Going to Hawaii as a family was one of the best decisions Dave and I have ever made. YES, we wanted to go alone—absolutely. It had been at least three years since we had taken a trip alone and we needed some alone time. But neither of our parents were able to come stay with the kids. After spending about five minutes devastated that we couldn’t go, we looked at each other and made the BEST decision to book flights for all six of us and just GO FOR IT!

We had been wanting to go for years, and once we were there basking in the island life, we realized we were the ones holding ourselves back all these years.

When we had our first child, we told ourselves that we weren’t going to let our new family situation slow us down. We would still be active in church and small group, keep working and teaching, still take trips and hang out late at my parents’ house. Each newborn got a fantastic trip to San Francisco or San Diego in the first few weeks of life. We expected our firstborn (and later kids) to just be flexible and adapt—sleep where and when you need to and try to keep up, kid 😉

We went on one-day and weekend trips with Pepperdine students, and went on trips to San Diego with my parents all the time. We were Disneyland annual pass holders and Santa Barbara Zoo members, and burned up lots of pavement between Thousand Oaks and Anaheim and Santa Barbara.

Somewhere along the way, we all slowed down. Four children and a lot of “stuff” have a way of doing that, I suppose. It might have happened when we moved thousands of miles away from parents (with kids 7, 5, 3, and 7 months old) and no longer had the luxury of an extra adult or two on deck.

Living as far away as we do, most of our trips have parents’ or grandparents’ addresses as destinations. It’s the way we were both raised. But we knew that fall and winter would be coming and we would be longing for the sun and warmth of a tropical climate.

IT WAS GLORIOUS. We soaked up every minute of sun and warmth, from pools and hot tubs and beaches, to volcanos and rain forests and sunsets. It was magical and amazing and WORTH IT. –sorry FB and IG friends, I hardly posted anything because I was taking it all in and being present and having all the good times.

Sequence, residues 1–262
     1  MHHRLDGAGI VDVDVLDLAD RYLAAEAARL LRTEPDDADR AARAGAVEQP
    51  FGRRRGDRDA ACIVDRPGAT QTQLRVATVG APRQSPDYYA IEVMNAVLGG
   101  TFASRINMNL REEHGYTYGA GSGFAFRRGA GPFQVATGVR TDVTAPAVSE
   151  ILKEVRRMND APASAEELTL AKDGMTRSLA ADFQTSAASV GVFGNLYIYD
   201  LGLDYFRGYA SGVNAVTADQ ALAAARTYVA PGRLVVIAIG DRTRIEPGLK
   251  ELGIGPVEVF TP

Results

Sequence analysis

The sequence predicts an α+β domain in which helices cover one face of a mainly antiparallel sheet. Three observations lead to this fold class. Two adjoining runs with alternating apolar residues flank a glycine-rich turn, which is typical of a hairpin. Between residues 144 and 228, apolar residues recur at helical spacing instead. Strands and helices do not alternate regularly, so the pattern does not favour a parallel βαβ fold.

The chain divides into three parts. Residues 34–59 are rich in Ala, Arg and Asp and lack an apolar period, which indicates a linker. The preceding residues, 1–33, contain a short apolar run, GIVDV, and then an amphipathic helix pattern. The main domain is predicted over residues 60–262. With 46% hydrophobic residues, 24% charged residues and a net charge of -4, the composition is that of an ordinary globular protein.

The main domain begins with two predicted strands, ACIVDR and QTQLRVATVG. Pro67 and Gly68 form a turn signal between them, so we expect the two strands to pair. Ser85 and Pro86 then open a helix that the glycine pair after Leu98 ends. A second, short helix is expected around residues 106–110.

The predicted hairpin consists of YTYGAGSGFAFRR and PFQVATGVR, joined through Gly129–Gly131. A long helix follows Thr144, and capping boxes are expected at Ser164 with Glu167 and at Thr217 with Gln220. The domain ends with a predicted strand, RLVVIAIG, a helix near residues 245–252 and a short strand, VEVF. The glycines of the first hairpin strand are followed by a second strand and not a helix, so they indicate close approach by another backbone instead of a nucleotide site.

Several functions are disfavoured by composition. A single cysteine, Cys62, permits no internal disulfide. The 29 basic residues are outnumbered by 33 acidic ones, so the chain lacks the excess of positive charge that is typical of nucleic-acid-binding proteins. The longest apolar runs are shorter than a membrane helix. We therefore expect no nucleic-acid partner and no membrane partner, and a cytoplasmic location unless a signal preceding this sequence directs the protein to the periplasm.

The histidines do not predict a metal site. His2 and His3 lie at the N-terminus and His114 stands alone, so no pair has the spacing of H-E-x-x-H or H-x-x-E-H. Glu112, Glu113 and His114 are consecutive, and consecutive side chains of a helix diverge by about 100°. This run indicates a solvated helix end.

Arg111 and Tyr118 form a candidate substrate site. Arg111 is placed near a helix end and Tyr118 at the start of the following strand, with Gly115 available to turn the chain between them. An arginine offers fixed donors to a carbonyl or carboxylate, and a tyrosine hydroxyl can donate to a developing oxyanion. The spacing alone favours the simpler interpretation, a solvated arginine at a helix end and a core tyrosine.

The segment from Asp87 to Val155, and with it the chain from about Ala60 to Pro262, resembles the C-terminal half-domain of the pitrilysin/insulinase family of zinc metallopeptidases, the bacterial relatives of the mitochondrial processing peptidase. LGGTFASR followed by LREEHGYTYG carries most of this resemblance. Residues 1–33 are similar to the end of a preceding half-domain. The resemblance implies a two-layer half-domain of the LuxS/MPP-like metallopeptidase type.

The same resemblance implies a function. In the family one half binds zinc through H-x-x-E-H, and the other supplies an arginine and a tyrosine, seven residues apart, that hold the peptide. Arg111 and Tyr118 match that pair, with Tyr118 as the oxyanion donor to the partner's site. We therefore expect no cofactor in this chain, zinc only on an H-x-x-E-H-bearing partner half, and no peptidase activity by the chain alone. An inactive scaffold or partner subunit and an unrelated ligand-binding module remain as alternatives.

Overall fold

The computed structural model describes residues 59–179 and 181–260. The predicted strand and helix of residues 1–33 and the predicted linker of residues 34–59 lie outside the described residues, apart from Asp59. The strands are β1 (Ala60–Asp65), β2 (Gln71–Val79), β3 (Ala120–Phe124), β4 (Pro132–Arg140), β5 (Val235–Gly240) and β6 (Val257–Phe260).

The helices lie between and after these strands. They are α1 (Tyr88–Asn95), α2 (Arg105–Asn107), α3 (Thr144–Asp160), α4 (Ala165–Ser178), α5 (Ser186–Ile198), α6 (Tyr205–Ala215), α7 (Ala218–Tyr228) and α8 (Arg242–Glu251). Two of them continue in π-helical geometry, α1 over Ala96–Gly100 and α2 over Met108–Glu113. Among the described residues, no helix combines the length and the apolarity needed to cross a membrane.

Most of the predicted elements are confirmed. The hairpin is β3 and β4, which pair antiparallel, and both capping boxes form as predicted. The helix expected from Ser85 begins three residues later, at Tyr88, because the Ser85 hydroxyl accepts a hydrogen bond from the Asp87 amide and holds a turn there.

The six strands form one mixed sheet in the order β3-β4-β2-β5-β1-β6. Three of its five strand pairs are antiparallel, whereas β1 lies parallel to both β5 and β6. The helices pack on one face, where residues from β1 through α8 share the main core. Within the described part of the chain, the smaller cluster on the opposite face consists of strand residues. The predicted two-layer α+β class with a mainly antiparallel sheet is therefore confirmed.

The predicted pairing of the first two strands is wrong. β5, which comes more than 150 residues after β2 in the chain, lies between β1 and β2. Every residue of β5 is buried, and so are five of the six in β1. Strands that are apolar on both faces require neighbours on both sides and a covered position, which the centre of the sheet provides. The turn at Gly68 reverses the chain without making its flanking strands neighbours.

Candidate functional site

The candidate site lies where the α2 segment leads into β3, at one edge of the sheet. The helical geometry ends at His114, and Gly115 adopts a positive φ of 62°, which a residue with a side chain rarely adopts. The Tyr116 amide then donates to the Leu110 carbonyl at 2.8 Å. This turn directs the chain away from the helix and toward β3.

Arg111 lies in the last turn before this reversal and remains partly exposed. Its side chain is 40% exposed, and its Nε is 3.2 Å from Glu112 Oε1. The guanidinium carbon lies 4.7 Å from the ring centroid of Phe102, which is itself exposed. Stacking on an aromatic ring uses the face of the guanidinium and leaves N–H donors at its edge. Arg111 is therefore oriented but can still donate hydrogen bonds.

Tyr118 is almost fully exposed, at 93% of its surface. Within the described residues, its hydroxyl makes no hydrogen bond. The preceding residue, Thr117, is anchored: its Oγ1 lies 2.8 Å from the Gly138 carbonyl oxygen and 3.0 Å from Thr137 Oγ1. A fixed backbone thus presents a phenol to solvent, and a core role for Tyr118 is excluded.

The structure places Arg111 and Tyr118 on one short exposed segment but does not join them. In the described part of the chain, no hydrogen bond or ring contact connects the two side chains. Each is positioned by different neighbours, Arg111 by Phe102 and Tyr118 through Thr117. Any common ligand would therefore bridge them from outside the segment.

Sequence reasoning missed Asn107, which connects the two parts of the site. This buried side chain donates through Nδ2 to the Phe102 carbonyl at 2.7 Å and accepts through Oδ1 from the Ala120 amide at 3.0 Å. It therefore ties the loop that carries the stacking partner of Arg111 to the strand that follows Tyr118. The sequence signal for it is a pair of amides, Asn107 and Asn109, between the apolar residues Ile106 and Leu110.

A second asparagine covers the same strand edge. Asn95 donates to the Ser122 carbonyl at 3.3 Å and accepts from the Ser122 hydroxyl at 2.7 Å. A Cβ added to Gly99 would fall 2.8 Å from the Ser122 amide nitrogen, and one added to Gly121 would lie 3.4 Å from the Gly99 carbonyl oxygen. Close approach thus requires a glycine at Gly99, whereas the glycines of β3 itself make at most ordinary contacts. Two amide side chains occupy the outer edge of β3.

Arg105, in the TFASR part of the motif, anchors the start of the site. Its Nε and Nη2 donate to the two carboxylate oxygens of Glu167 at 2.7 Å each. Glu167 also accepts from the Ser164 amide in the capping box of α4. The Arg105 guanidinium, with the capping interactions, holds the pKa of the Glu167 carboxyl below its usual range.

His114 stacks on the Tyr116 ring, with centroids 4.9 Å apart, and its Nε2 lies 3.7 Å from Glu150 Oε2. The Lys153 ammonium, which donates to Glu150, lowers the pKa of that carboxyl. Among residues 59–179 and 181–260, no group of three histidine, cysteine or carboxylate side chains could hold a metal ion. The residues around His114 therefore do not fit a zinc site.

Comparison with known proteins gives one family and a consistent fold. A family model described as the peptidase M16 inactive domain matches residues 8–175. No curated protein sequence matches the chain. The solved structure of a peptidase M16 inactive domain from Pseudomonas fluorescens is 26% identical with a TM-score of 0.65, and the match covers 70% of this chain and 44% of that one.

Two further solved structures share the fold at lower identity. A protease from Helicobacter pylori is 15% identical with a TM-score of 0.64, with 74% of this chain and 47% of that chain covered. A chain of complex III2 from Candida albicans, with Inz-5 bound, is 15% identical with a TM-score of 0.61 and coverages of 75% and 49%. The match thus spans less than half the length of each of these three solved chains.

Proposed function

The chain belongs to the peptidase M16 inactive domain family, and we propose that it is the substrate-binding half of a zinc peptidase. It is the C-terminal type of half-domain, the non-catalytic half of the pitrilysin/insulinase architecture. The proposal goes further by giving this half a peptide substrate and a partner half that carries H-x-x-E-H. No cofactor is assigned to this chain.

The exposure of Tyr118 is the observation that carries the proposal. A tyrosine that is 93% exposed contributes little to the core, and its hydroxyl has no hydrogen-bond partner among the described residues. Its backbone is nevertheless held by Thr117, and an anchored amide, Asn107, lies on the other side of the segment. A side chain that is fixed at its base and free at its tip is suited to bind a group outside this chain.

We had the time of our lives. And we did it together. YES, Dave and I still need some married people time. But we are so glad we went and made all the memories as a family ♥

What are you holding yourself back from? Is there a trip you’ve been wanting to take? Something you’ve been wanting to explore or try? The whole wide world is waiting for you to SAY YES!

 

Sarah and the Gift of Hope

Sarah. That’s the name of my friend who gave me the final push to start writing again. The one who said YOU CAN DO THIS and IT WILL BE WORTH IT and YOU’RE WORTH IT. She said all that not with her words but with how she encouraged and showed up and walked me through what it would take to do this thing. This thing that is both terrifying and exhilarating where you become an entrepreneur because sometimes that’s what it takes to do the thing you love. Where you do the thing that you love, sometimes only slightly more than you fear, and your hesitance about “marketing” or “branding” yourself melts away because it doesn’t feel like that when this is who you are, what you care most deeply about, and the thing to which you feel called more than anything else.
Sarah and her husband (and their two sons) are our neighbors and close friends and together we’ve been doing life for a couple of years from raising kids, sharing recipes, and playing games, to doing home improvement projects and walking through a few job transitions. They walked with us through my job lay-off last year and had front-row seats to me figuring out my life.
After losing a job in ministry—which in my mind I had been working towards for almost ten years—I went to a dark place. In my grief, I said never again. I’m done working for a church. It hurt too much and I couldn’t bear the thought of opening my heart to the possibility of so much pain again. I longed to return to the university job I loved but left for this one… I wallowed in deep regret but rarely admitted it.